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Invisible teachers, visible problems : perspectives on relief teaching

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posted on 2023-05-27, 15:07 authored by Webb, Penelope Christina,
As a result of staff shortages, relief or substitute teachers are playing an increasing role in many schools, yet they are largely invisible in policies, practices and research. In contrast, the problems surrounding relief teaching are highly visible: senior administrators worry about costs and timetables; regular teachers complain that no work is done; students become noisier; and relief teachers adopt strategies for 'survival'. Paradoxically, while there is a recurring theme in the literature to improve relief teaching effectiveness, relief teaching remains a low priority within the education system. This investigation evolved from a personal search to make sense of the recurring problems and paradoxes surrounding relief teaching. Its purpose was: to gather data on relief teaching which reflected the 'reality' of personal experience from a number of viewpoints; to determine the main issues from student, teaching and administrative perspectives, using a constant comparative method of analysis; and to find deeper links to illuminate the multidimensional relationships between relief teaching and its problems. Research was conducted in a core of eight secondary schools where the researcher worked as a relief teacher. Over a period of three years, through a synthesis of interviews, observations, anecdotal evidence, and reflection based on a naturalistic paradigm, the researcher developed strategies which enabled her to remain closely attuned to the varying settings. Using an inductive approach, data were gathered from over 300 participants, mostly administrators, teachers and students. In all, 85 hours of interviews were transcribed in addition to her written observations and reflections as a practitioner. The findings showed that the lack of consistent information, feedback and accountability caused many interview respondents to adopt a pragmatic, short-term approach to the management and practice of relief teaching. They based their decisions on divergent assumptions which were rarely challenged, causing problems to recur and intensify. The investigation concluded that the problems surrounding relief teaching were linked by three underlying factors: the context of relief teaching is largely invisible; relief teaching is different from regular teaching; and that there is no official recognition that problems exist. The process of making relief teaching visible as a phenomenon illuminated many inconsistencies within varying contexts and perspectives. Evidence strongly suggests that the context of relief teaching is central to the teaching and learning settings in schools. It shows, also, that the present approach to relief teaching is highly ineffective and gives rise to serious problems with far-reaching professional, economical, and legal implications. The thesis provides recommendations for future initiatives. Extensive appendices and the thematic structures underpinning the thesis enable the selection of material for a variety of purposes.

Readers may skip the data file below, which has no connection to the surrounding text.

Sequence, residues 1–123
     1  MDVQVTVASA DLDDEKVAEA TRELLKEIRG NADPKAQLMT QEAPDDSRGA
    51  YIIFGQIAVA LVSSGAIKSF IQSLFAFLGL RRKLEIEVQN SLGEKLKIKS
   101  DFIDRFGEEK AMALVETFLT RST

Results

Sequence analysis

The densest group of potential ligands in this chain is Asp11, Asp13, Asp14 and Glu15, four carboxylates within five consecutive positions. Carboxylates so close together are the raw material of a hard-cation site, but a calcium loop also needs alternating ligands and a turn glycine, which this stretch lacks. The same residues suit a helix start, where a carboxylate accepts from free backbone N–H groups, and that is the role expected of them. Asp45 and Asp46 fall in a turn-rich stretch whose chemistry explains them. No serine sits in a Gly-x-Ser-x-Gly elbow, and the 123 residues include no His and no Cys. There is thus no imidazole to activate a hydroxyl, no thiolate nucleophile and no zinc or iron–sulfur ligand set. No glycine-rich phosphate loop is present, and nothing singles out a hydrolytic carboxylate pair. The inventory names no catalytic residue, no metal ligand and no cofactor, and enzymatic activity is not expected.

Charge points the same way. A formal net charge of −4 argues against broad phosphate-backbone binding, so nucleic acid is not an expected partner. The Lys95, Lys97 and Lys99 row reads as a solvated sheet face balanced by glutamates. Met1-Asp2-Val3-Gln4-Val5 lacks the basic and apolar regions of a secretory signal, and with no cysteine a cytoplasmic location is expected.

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Copyright 1999 the Author - The University is continuing to endeavour to trace the copyright owner(s) and in the meantime this item has been reproduced here in good faith. We would be pleased to hear from the copyright owner(s). Spine title: Perspectives on relief teaching. Thesis (Ph.D)--University of Tasmania, 1999. Includes bibliographical references (leaves 200-210)

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